Which featured this month because it has been top of the Russian’s economic ‘hit list’ and this came to a climax this month when the Ukrainian government announced that it was not after all, following lengthy negotiations with the EU Commission, going to continue with its application for economic ties with the EU. It really comes down to the fact that Putin sees it as his mission to recreate as far as possible, the Russian empire, historically Tsarist, then Soviet and which was dissolved with the Union of fifteen SSR’s, on the collapse of the USSR. This not a recreation of Russia as the alternative world power, not a revival of the political concept of communism, but good old imperialism involving those FSU states that due to resources, or geographical location, or likeminded top-down rulers, are targeted for special treatment by Moscow. UKRAINE may be the most important politically, with its population of 50million ethnically similar, plus the historical fact that the ‘Rus’ started there and moving east still share with Russia a history of many centuries.
Being the westernmost part of the FSU, neighbouring EU states such as Poland, Slovakia, Lithuania, Hungary, the western Ukrainians also have ties of blood with them and can certainly compare standards of living and political life,with their own. It looked until late November that Ukraine would opt for the western route via the EU, but Russia somewhat heavy-handedly leaned on the Kiev government to look east not west, and so it seems currently at least, to have played out.
But moving on from the FSU we bring forward North Korea still communist, the ‘other’ international nuclear maverick, but this one an actual, not a potential nuclear weapons state!
“rebarbative, recalcitrant, recidivist”
The N. Korean story rather resembles a looped videotape that endlessly replays itself until it reaches the point the viewer could almost recite the story themselves - although perhaps not reach such lyrical conclusions of the hermit nation, as in our caption.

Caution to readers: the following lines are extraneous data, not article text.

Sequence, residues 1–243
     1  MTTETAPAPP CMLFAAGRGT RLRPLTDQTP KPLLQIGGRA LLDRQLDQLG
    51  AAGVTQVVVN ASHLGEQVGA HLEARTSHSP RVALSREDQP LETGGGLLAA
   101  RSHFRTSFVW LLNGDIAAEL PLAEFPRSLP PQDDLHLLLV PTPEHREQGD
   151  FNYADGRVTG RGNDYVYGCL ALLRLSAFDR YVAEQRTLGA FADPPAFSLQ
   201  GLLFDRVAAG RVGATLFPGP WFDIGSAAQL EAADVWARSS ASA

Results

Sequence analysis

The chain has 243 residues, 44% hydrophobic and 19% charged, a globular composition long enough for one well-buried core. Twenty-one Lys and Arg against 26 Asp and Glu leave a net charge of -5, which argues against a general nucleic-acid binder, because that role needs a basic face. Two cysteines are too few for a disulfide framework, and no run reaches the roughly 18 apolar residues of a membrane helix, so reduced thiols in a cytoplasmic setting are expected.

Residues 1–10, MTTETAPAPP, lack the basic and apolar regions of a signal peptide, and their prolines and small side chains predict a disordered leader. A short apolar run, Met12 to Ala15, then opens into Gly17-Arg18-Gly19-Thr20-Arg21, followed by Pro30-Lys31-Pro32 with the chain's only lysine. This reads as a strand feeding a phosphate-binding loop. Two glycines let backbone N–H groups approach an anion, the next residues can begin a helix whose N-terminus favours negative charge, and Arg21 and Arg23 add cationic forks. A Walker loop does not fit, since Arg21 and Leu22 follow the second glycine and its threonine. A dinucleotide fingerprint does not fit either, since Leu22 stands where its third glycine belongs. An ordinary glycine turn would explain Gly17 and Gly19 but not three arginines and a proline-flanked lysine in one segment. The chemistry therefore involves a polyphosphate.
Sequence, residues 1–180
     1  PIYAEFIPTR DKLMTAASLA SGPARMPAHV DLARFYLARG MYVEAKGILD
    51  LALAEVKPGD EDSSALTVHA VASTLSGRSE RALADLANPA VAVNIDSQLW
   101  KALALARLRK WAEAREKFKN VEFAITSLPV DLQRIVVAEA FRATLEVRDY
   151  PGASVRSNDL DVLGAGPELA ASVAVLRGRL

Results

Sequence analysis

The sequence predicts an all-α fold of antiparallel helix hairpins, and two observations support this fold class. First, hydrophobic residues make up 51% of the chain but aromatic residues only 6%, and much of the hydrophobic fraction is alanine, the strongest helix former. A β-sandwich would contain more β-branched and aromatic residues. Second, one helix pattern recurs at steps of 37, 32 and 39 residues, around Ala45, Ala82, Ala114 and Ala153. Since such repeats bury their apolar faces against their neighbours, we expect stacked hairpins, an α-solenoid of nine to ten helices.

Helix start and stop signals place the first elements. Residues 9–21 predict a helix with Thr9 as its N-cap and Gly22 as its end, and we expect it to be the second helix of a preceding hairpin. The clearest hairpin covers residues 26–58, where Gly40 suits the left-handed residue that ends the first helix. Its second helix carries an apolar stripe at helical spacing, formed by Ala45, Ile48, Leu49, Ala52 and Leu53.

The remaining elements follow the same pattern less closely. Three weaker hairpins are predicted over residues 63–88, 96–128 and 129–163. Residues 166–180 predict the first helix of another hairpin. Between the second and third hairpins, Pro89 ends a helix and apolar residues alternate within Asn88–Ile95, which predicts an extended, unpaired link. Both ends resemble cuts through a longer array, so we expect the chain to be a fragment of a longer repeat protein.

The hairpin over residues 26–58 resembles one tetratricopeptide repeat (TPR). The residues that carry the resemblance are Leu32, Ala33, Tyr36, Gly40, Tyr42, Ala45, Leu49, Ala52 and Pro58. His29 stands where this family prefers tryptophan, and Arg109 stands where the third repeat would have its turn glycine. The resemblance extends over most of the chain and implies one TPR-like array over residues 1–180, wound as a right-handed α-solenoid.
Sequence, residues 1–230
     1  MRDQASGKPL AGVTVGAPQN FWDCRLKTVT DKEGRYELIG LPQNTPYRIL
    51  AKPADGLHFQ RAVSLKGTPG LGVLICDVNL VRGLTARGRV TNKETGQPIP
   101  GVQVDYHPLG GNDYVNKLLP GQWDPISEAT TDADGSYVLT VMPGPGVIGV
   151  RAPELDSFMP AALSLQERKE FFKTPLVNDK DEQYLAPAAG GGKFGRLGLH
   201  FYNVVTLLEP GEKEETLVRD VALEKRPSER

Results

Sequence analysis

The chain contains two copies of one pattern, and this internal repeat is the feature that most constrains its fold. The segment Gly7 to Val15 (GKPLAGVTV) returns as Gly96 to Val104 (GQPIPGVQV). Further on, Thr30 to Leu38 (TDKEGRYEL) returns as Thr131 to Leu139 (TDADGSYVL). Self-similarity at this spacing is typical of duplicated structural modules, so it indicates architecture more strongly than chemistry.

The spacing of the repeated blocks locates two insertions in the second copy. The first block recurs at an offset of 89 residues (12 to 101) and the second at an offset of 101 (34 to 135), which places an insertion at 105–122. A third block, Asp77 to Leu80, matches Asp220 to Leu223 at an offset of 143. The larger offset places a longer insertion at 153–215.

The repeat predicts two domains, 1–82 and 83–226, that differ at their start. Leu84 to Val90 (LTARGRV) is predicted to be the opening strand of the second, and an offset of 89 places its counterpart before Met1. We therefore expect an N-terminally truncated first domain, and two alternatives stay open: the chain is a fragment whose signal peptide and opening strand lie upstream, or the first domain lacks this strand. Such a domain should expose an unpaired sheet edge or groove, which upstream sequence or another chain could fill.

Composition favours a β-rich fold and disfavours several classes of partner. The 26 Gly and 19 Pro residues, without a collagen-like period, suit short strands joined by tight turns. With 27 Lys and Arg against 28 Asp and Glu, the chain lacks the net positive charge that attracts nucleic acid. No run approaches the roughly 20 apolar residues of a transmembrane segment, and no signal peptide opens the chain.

As ever, our North Korean report is illuminating, and of
course a key element in it is how well/badly is the grandson of
the Kim il Sung dynasty doing, after a year in office. One item
does emerge from the barely scrutable pronouncements from
Pyongyang. We do see the hint of a mystery chasing down the
interesting fact that there have been some strange promotions /
demotions in the prolixity relating to the very pinnacle of the
The South Asians:
India; Bangladesh; Pakistan.
Elections coming up in INDIA. A lot rides on whether the Congress can do sufficiently well to form a coalition. With all their faults and we take a look at those, the Congress is experienced and inclusive, whilst their principal rival the BJP is unpredictable and with its allies, a heavily right wing Hindu nationalist party. Past experience indicates they are given to unpeaceable responses and worse, initiatives, liable to ratchet up a problem big scale, to the Moslems and others including the government, when in a strident mood. The situation vis a vis Sri Lanka, is discussed. The mission to Mars is celebrated!
BANGLADESH is depressing reading. Corruption is not so much under the surface as right up front in the pre-election arrangements, the disgraceful cornering of the Grameen Bank and slagging off of Mohamed Yunus; plus the scandals surrounding the collapsed garment factory and multiple deaths involved. What a way they have still to go!
PAKISTAN once the western half of the state that they and present day Bangladesh comprised, is no great shakes either. Given that it has a nuclear arsenal it is a bigger worry than its former eastern half. Many more incidents on the border with India and now there are frontier problems on the Iranian border as well; the economy being a nightmare, this country we describe as a crippled, dysfunctional disaster, seldom offers grounds for hope, not just internally but for the wider world.
The only representative of the Balkan states in this issue, Serbia has been many things, but good or bad they are always significant. They are Orthodox Christians and thus feel close to Russia. In the post-Yugoslav years their expansionism caused a lot of misery, not just to their Balkan neighbours but to themselves. Some very bad things took place.
They are visibly emerging from that unhappy post-Yugoslav interlude and some sensible politicians seem to have managed to face up to the realities projecting forward rather than seeking to reproduce past glories, if that is what they were. Living with an independent Kosovo has been hard for them but this government is facing up to realities. Moving forward, not dwelling in the past, has to be the key.
Clive Lindley - Publisher
All Country Updated reports